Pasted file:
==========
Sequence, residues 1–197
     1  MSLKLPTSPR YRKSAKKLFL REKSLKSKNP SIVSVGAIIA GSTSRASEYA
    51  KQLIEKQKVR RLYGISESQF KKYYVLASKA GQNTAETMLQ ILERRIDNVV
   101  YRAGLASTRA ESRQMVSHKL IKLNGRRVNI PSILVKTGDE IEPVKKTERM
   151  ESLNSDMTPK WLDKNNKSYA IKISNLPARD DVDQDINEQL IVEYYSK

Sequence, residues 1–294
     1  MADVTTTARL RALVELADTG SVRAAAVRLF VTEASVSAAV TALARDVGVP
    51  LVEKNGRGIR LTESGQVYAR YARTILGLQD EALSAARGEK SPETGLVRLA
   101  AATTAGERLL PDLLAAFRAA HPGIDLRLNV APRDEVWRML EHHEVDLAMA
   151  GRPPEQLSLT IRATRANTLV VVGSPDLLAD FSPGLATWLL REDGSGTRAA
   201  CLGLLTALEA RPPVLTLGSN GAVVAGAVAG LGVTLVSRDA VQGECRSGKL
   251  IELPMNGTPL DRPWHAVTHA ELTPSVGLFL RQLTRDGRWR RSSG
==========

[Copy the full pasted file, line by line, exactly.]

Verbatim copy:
Sequence, residues 1–197
     1  MSLKLPTSPR YRKSAKKLFL REKSLKSKNP SIVSVGAIIA GSTSRASEYA
    51  KQLIEKQKVR RLYGISESQF KKYYVLASKA GQNTAETMLQ ILERRIDNVV
   101  YRAGLASTRA ESRQMVSHKL IKLNGRRVNI PSILVKTGDE IEPVKKTERM
   151  ESLNSDMTPK WLDKNNKSYA IKISNLPARD DVDQDINEQL IVEYYSK

Sequence, residues 1–294
     1  MADVTTTARL RALVELADTG SVRAAAVRLF VTEASVSAAV TALARDVGVP
    51  LVEKNGRGIR LTESGQVYAR YARTILGLQD EALSAARGEK SPETGLVRLA
   101  AATTAGERLL PDLLAAFRAA HPGIDLRLNV APRDEVWRML EHHEVDLAMA
   151  GRPPEQLSLT IRATRANTLV VVGSPDLLAD FSPGLATWLL REDGSGTRAA
   201  CLGLLTALEA RPPVLTLGSN GAVVAGAVAG LGVTLVSRDA VQGECRSGKL
   251  IELPMNGTPL DRPWHAVTHA ELTPSVGLFL RQLTRDGRWR RSSG